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A systematic review and meta-analysis of chronic and integrated care models to improve child health

Authors:

Rose-Marie Satherley ,

Kings College London, School of Population Sciences and Health Services Research, London, GB
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Elizabeth Scotney,

Kings College Hospital NHS Foundation Trust, London, GB
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James Newham,

Kings College London, School of Population Sciences and Health Services Research, London, GB
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Julia Forman,

Kings College London, School of Population Sciences and Health Services Research, London, GB
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Mohamed ElSherbiny,

Kings College London, School of Population Sciences and Health Services Research, London, GB
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Raghu Lingam,

University New South Wales, School of Women and Children’s Health, Sydney, AU
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Ingrid Wolfe

Kings College London, School of Population Sciences and Health Services Research, London, GB
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Abstract

Introduction: New models of healthcare have largely focussed on adults, with increasing policy and practice interest in integrated care across many high-income countries. Integrated care models have been identified as a promising solution by children and young people (CYP), and by policy-makers, to target the gaps in healthcare delivery for CYP with on-going conditions. However, there has been limited work on developing and evaluating integrated models of child healthcare, so there is an evidence gap in this important area of policy.  This systematic review and meta-analysis assessed the effects of integrated care interventions on child health, health service use, and healthcare quality for CYP with on-going conditions. 

Methods: Articles were eligible for the review if they 1) reported randomised controlled trials (RCTs), published between 1996 and September 2018; 2) evaluated an integrated healthcare intervention designed to improve child health; 3) included CYP (0-18 years) with an on-going health condition; 4) included at least one health-related outcome.  Descriptive data on a range of outcomes was synthesised for all included papers, and data homogeneity allowed further meta-analyses to explore the effects of integrated care interventions compared with usual care, on health-related quality of life (QOL) and number of emergency department visits.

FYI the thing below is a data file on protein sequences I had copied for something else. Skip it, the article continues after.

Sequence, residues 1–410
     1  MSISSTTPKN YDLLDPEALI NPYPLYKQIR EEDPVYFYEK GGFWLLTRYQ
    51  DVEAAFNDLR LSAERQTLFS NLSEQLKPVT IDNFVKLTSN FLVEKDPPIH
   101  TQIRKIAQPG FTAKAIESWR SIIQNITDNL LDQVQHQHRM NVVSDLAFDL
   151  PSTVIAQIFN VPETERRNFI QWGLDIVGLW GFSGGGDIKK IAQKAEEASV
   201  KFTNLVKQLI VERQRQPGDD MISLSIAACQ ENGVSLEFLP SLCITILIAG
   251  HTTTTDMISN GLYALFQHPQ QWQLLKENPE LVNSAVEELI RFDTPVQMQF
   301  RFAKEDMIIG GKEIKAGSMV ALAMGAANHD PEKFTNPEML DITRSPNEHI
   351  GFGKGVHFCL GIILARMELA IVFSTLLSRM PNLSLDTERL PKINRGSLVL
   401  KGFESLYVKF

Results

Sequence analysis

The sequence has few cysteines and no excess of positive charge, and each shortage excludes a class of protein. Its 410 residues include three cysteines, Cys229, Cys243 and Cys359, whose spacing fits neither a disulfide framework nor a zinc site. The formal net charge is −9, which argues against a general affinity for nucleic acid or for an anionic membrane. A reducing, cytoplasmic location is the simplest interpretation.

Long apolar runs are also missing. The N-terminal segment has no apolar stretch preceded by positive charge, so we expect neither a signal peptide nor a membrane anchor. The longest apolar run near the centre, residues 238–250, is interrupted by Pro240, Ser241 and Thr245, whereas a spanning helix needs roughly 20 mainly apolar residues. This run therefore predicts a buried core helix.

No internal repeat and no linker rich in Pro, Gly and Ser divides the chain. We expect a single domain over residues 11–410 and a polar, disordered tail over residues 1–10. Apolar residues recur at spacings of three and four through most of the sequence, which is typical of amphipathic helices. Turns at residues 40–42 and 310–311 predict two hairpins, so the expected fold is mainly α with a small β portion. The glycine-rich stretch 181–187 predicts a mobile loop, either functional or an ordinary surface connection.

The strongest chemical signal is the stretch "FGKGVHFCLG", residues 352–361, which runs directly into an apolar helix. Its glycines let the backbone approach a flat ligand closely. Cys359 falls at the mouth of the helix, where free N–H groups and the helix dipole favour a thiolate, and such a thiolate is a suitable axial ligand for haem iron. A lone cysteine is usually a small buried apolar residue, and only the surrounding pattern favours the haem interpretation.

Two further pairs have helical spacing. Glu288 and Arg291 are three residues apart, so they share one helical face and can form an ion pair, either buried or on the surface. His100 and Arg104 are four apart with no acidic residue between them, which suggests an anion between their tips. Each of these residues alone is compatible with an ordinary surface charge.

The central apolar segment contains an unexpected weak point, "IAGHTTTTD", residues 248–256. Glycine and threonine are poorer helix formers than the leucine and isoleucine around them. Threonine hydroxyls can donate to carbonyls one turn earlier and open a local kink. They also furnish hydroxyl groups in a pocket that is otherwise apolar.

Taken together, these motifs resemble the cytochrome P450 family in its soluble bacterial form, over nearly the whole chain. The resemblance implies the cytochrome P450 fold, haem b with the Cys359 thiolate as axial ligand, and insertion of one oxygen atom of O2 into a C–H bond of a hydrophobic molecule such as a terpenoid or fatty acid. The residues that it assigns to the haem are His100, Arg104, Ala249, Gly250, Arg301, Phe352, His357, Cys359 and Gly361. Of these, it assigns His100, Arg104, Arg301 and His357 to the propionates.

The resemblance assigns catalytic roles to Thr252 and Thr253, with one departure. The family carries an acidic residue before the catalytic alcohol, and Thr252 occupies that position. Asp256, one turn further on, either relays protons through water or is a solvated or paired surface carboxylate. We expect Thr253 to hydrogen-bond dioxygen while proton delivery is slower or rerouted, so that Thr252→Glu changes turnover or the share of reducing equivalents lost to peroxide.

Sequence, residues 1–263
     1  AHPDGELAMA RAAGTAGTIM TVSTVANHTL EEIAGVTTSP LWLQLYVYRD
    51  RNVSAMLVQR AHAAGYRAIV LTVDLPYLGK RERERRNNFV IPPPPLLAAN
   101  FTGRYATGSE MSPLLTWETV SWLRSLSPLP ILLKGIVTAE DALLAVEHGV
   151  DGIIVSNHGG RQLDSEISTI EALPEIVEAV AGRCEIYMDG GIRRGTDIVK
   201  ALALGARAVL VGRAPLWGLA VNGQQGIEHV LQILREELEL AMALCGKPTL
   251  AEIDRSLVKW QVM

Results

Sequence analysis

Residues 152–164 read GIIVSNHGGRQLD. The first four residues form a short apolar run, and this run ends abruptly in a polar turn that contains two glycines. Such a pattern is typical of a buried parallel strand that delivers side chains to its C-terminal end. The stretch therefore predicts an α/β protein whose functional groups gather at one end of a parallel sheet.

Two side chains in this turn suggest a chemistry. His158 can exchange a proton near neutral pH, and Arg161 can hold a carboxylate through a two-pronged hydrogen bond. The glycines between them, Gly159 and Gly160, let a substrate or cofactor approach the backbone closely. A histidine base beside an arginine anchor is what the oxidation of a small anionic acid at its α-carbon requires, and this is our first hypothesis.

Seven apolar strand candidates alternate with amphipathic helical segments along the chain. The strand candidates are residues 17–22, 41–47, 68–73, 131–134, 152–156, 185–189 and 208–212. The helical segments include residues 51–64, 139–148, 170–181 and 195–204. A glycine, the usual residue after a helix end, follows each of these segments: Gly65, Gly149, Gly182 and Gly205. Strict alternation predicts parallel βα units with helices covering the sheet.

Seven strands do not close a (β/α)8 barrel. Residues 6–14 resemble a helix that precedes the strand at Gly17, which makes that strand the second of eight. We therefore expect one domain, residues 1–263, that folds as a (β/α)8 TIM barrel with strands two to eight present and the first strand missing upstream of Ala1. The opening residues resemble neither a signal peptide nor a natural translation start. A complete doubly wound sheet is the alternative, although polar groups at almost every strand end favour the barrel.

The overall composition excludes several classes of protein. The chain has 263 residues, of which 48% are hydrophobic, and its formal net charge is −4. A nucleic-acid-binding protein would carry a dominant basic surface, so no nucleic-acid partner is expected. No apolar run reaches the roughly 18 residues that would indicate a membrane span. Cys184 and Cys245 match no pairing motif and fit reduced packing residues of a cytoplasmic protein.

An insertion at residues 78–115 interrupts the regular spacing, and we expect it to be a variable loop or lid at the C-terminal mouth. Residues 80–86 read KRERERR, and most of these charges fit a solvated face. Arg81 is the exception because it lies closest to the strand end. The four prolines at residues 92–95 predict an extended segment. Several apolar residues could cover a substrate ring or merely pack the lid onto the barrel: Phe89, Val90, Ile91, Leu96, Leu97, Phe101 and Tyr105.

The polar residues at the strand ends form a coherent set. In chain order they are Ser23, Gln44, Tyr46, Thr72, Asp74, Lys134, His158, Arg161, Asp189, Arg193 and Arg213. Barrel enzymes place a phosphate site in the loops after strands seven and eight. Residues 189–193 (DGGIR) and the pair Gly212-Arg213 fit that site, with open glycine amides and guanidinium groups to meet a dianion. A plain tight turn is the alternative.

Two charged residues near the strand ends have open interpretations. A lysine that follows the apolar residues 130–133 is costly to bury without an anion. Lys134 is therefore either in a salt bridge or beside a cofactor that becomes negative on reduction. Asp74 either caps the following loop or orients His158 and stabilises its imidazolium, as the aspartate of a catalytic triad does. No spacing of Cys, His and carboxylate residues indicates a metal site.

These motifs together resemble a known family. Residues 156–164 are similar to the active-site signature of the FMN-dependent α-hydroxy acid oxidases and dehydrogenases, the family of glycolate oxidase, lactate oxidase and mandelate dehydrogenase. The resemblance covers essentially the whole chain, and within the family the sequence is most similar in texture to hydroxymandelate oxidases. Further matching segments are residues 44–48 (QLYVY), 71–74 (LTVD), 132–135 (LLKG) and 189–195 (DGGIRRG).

Results: Twenty-three randomised controlled trials were identified, describing 18 interventions. Studies had medium risk of bias, as assessed by the Cochrane Risk of Bias tool. Improvements were found for quality of care (87% of interventions found a positive effect for intervention) and child health (39% found a positive effect for intervention). The meta-analyses found that integrated care interventions have a positive effect in improving QOL over usual care (n=5 trials; SMD = 0.24; 95% CI = 0.03, 0.44; P=0.02), but no significant difference across groups for emergency department contacts (n=5 trials; OR=0.82; 95% CI = 0.53, 1.26; p=0.37).  

Conclusion and Discussion: Integrated care interventions for CYP with on-going conditions may deliver improved quality of life for children, health, and quality of care. However, no conclusions can be made about the direction or magnitude of the effect for integrated care interventions on emergency department contacts in CYP with on-going conditions. However, only 23 RCTs were included in this review, which were of moderate quality, highlighting the need for more robust trials to inform current health service delivery in this area and fully establish the effectiveness of integrated healthcare interventions on CYP outcomes. In collaboration with NHS Trusts, local councils, CYP and families, the findings from this review have been used to inform a fully integrated healthcare model for CYP that will be implemented at scale, and rigorously evaluated using an RCT design.

How to Cite: Satherley R-M, Scotney E, Newham J, Forman J, ElSherbiny M, Lingam R, et al.. A systematic review and meta-analysis of chronic and integrated care models to improve child health. International Journal of Integrated Care. 2019;19(4):471. DOI: http://doi.org/10.5334/ijic.s3471
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Published on 08 Aug 2019.

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